This morning I was looking at Leeloo's teeth. Her upper canines had two teeth trying to occupy the space for one tooth and it looked painful. This explains why everything this week has been bite-chew-bite-chew. Poor baby girl.

This evening when I came home, one side had only one tooth where two were previously. I haven't found the missing tooth, but it's either lurking around somewhere (perhaps in Pixel's ear? She does love chewing on him so.) or it got eaten. Either way, her gums look much happier. I hope the other one joins it soon.

Friday, September 05, 2008

Gonna Be a Little Busy

Work is a little busy. My job is a weird hybrid of communications, marketing, documentation, and training. In fact, that's what I like most about it. When the training times come, it's project oriented and I teach the class for a month or two and then hand it off to someone else to carry on. It's never boring. But then I just typed up the dates I'm teaching one of three classes this fall. Each day I'm teaching two separate classes. I posted them all on the project web site:

October 13, 2008
October 14, 2008
October 16, 2008
October 17, 2008
October 20, 2008
October 21, 2008
October 22, 2008
October 24, 2008
October 27, 2008
October 29, 2008
October 31, 2008
November 3, 2008
November 4, 2008
November 5, 2008
November 6, 2008
November 11, 2008
November 12, 2008
November 13, 2008
November 14, 2008
November 17, 2008
November 19, 2008
November 21, 2008
December 1, 2008
December 3, 2008
December 5, 2008
December 8, 2008
December 10, 2008
December 12, 2008
December 15, 2008

I will not panic. It will all be fine.

And Then I Was Injured

I have no idea what happened. I went out at lunch to run to the dealer to get my car looked at (because it asked me to and you obey the Prius), found out my car was fine, got back in the car and came back to campus. When I got out of the car again, there was a spectacular pain in my heel. I figured it must be a cramp of some kind, but in my heel? Weird.

I limped back to the office and immediately iced it. I chased that a few hours later with ibuprofen. It still hurts. I still can't put weight on my right foot. I certainly can't dance on it. Guess I'm going home to watch Mad Men from Netflix instead of going to Friday Night Waltz. Major Bummer. Somebody show me the Grand Polonaise later please?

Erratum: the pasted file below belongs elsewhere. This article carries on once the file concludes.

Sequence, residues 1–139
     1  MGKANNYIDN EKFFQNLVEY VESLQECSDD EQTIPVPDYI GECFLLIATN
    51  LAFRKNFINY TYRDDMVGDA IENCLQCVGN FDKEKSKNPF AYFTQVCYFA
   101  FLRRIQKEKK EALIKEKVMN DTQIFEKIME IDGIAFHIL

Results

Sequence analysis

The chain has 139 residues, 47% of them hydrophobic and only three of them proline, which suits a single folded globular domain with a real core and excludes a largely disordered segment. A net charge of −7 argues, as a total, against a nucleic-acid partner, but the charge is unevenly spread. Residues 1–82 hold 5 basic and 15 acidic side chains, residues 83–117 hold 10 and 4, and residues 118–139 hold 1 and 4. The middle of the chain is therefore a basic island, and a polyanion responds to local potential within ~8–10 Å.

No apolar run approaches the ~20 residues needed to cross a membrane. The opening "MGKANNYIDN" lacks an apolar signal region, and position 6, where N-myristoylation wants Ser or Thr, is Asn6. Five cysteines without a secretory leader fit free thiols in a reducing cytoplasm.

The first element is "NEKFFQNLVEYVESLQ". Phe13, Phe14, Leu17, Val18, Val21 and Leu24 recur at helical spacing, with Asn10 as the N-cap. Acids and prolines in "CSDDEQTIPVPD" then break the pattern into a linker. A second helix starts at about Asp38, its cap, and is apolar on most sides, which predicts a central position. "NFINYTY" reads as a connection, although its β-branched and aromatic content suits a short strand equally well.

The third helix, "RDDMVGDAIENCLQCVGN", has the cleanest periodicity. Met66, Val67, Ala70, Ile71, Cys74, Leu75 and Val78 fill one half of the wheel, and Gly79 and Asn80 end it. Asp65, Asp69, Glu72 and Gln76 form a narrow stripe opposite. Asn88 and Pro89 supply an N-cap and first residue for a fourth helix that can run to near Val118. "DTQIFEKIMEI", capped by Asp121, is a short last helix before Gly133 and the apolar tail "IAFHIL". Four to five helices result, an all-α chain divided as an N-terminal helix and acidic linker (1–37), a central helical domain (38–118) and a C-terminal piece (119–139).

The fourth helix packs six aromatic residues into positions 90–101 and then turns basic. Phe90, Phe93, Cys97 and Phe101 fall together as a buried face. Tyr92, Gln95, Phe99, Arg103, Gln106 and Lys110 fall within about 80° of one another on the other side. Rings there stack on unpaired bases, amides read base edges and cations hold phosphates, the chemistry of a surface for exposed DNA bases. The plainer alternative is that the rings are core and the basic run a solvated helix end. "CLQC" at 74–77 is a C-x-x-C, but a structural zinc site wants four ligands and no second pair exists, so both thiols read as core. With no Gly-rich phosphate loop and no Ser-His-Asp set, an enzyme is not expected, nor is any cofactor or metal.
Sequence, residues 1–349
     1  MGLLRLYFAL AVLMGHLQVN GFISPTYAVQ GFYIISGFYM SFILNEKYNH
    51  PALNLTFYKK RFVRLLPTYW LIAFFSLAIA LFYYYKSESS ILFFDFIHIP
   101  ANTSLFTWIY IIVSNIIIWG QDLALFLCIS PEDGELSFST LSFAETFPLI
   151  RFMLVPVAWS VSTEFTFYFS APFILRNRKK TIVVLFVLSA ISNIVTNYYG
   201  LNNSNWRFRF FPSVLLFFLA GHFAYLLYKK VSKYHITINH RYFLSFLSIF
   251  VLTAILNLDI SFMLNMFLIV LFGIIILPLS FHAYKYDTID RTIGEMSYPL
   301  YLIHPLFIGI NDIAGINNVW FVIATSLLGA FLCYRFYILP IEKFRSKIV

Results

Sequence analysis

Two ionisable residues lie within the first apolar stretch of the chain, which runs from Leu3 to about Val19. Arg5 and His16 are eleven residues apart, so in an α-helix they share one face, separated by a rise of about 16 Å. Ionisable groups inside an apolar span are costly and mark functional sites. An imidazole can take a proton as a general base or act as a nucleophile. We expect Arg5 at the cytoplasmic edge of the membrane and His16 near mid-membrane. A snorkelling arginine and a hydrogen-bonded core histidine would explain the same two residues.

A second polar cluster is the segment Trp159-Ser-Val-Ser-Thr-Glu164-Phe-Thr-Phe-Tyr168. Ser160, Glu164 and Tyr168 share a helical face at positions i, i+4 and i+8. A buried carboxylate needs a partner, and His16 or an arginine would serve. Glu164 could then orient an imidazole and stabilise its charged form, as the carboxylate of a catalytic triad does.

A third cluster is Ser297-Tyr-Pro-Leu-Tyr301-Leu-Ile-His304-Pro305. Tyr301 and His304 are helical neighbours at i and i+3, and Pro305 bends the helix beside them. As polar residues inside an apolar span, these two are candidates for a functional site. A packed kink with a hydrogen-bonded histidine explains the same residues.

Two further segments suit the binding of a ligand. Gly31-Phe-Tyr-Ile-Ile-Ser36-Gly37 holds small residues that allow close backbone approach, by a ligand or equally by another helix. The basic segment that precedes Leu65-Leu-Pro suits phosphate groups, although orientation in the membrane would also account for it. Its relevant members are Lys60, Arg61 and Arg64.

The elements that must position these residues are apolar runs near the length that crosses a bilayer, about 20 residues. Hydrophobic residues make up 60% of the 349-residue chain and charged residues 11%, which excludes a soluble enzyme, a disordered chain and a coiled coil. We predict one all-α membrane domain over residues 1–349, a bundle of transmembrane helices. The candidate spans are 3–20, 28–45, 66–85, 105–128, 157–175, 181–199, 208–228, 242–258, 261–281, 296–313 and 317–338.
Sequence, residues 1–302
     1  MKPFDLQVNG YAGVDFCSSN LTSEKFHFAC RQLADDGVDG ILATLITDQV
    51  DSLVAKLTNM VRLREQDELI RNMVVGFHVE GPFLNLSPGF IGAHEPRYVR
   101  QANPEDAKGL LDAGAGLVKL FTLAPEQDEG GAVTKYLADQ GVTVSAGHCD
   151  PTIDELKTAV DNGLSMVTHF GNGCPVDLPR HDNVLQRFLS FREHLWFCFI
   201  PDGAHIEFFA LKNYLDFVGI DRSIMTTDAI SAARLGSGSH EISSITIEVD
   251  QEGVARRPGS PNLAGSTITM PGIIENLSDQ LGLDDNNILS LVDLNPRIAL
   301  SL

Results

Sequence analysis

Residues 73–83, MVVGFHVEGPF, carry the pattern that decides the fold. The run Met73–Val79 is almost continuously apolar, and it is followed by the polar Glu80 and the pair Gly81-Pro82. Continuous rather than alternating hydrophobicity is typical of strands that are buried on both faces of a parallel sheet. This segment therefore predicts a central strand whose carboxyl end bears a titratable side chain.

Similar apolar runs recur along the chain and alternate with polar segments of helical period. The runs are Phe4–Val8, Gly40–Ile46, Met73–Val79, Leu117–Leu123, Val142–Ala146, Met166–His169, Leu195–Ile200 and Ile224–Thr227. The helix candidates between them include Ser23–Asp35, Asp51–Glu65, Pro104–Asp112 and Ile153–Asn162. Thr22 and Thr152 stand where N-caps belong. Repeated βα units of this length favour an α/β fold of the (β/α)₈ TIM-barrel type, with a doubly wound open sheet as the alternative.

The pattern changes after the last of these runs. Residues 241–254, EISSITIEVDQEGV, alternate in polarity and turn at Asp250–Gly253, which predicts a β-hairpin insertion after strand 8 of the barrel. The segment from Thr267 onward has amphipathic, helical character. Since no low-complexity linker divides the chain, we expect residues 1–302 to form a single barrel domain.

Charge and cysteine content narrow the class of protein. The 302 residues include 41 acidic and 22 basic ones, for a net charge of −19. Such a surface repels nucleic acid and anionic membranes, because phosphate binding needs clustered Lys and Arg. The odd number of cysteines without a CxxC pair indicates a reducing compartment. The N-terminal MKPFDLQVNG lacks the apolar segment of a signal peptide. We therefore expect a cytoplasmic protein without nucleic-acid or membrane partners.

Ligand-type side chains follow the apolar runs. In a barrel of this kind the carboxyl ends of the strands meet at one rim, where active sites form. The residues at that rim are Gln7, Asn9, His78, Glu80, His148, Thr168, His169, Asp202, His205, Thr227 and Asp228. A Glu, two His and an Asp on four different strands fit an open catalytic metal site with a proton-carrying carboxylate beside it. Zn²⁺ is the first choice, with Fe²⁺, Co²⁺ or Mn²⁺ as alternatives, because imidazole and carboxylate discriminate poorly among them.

Can you help?

I just got a call from the Stanford Blood Center. I'm eligible to donate again on Monday and they're running so low that they called to ask if I could come in on Monday. Um... yeah, sure.

So, just a gentle nudge - if you can, now would be a good time to donate a pint. Heck, the blood center is giving me free movie tickets, so there might even be something in it for you.

Thursday, September 04, 2008

Creation and Science

Science is "the systematic observation of natural events and conditions in order to discover facts about them and to formulate laws and principles based on these facts."

Science class is supposed to be learning about that process and what has been discovered, and to train students to think scientifically so that new things can be discovered, researched, analyzed and documented. It's that simple.

I appreciate that many people believe in things that run contrary to what we have discovered via systematic observation. That's fine. Believe whatever works for you. If you want to believe that god created the world in seven days, that's fine with me. If you want to believe that Lord Vishnu woke up and commanded Brahma to create the world, then that's fine too. If you want to believe that Bumba vomited up the sun, that's just dandy.

However, that does not make it science and it has no place in a science class.

If you want to talk about it in school, I'd recommend a history class (since it's likely not much more off than many other historical things we know for sure) or in an English class. Heck, that's what I did when I taught English. We spent a week in the mythology segment of the class talking about creation myths from around the world. There was a lot of variation and a lot of similarity. I worked primarily from Primal Myths, but there's far more readable texts out there nowadays. The funny thing was how many students thought they got the easy one when they got a copy of Genesis. The sad part was how few of them had actually read it and only believed what their pastor or their parents had told them was in it.

Wednesday, September 03, 2008

Strike Two for Chrome

Technically, strike one was that Zimbra Advanced doesn't run in Chrome, so that makes this strike two.